Sounding the horn for grade-crossing safety
The ABCs of railroad crossing safety are really the EEEs: Education, Enforcement and Engineering. Thanks to a focus on all three, the number of train/motor vehicle collisions in the U.S. has fallen 84 percent – from a 1972 high of about 12,000 annual incidents to approximately 1,900 incidents in 2020.
But there are still too many incidents. In the U.S., a person or vehicle is hit by a train every three hours, according to Operation Lifesaver Inc. (OLI), a non-profit rail safety education organization. Rail Safety Week, which runs Sept. 20-26, is an opportunity for OLI and the rail industry to raise awareness about railroad safety, primarily through two Es: education and enforcement.
Engineering, the third E, is an important factor for communities as they work through crossing projects. Since 2000, BNSF, working with municipalities and private landowners, has closed more than 6,000 of our at-grade crossings, permanently eliminating the possibility of a collision at these locations. Partnering with state and local governments to identify crossings that can be converted to overpasses and underpasses achieves similar results.
Engineering crossings with traffic control signs, like crossbucks, pavement markings and flashing lights and gates are also safety measures that are used to warn the motoring public. BNSF participates with the Federal Railroad Administration (FRA) in reviewing communities’ crossing projects to encourage the implementation of these safety devices. These, together with the sounding of a train horn by the locomotive engineer, warn motorists that a train is approaching.
“Many people don’t realize that, with a few exceptions, locomotive engineers are required by federal regulations to sound train horns in advance of all public grade crossings, day or night,” said BNSF Vice President of Safety, Training and Operations Support Mark Schulze. “Train horns can and do save lives.”
One of the exceptions for silencing train horns is known as a quiet zone. In accordance with a statutory mandate, FRA issued regulations that took effect in 2005 that provide local communities the option of silencing train horns by establishing quiet zones
“Only the FRA can grant a quiet zone,” explained Paul Cristina, BNSF’s director, Public Projects. “The process starts with community leaders, who can refer to the FRA for how to create a quiet zone. While the routine sounding of the train horn is eliminated by the quiet zone, BNSF is still a proponent of train horns, which are intended to alert the motoring and pedestrian public of train movement.”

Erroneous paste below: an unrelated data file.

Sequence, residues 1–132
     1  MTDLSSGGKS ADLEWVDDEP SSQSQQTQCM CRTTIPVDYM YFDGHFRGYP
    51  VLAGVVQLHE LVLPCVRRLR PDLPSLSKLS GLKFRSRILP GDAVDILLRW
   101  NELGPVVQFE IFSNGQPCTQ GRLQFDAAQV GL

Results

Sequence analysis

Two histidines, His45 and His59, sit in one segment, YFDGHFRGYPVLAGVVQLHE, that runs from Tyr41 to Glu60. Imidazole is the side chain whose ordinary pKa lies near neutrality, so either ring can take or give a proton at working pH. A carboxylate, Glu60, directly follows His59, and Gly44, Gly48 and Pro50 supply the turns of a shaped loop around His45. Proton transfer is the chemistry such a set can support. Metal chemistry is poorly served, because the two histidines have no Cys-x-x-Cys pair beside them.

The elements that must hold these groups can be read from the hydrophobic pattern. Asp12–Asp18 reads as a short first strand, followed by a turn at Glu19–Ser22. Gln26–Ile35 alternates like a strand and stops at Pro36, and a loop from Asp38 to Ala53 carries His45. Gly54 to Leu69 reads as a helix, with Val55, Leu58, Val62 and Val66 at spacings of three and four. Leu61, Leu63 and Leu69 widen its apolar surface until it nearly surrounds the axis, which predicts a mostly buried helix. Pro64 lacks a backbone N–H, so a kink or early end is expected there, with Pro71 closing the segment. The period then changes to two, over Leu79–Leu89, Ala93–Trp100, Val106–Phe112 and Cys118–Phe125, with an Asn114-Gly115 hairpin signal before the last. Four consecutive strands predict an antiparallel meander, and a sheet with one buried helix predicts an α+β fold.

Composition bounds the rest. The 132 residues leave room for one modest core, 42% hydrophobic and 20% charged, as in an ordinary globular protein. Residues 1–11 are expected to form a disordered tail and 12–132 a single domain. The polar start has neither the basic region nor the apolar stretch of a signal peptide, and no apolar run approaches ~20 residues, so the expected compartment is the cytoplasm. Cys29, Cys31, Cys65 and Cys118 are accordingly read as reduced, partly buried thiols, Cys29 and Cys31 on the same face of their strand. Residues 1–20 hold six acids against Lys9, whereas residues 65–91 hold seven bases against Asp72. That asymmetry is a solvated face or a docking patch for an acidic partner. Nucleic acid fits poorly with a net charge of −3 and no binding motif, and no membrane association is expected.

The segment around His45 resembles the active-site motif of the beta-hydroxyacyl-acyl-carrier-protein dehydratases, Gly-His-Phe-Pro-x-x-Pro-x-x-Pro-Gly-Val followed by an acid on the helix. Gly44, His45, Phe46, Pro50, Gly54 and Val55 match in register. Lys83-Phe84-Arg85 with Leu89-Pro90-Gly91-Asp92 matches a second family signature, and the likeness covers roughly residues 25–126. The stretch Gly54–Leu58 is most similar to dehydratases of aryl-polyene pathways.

To quiet or not to quiet? Communities considering a quiet zone should be aware that a nationwide study showed a significant increase in collisions at crossings equipped with flashing gates and lights where train horns are not routinely sounded. BNSF strongly recommends communities ensure that each crossing receives appropriate enhanced safety devices to accommodate for removal of the horn prior to the establishment of a quiet zone, including the use of wayside horns.
BNSF is proud to lead the industry in grade-crossing safety with the lowest grade-crossing incident frequency ratio among American Class I railroads. We attribute our leadership in this important safety measure to cooperating and partnering with community leaders who share the desire to improve safety through infrastructure enhancement projects across our network.
With the continued emphasis on the three Es: Education, Enforcement and Engineering, communities, railroads and the motoring public can continue to reduce train/vehicle incidents.
“Rail Safety Week is important, but we think that every day of every week should be about rail safety,” said Schulze.
Did You Know?
The following are grade-crossing safety tips to consider every time you approach a railroad crossing:
- Never drive or walk around lowered grade crossing gates.
- Never attempt to outrun an approaching train.
- Never stop your vehicle on a grade crossing waiting for traffic to move.
- Never begin to drive across the tracks unless you can get all the way across.
- If needed, utilize the Emergency Notification System (ENS) number 24 hours a day to report problems at the crossing. Look for the number on the blue sign near the crossing or on the crossbuck.
- Always remember a train can take a mile or more to stop.
- Always know that the average train is three feet wider than the track on each side.
- Always slow down and stop your vehicle prior to train tracks when lights begin to flash.
For more safety tips, visit www.oli.org.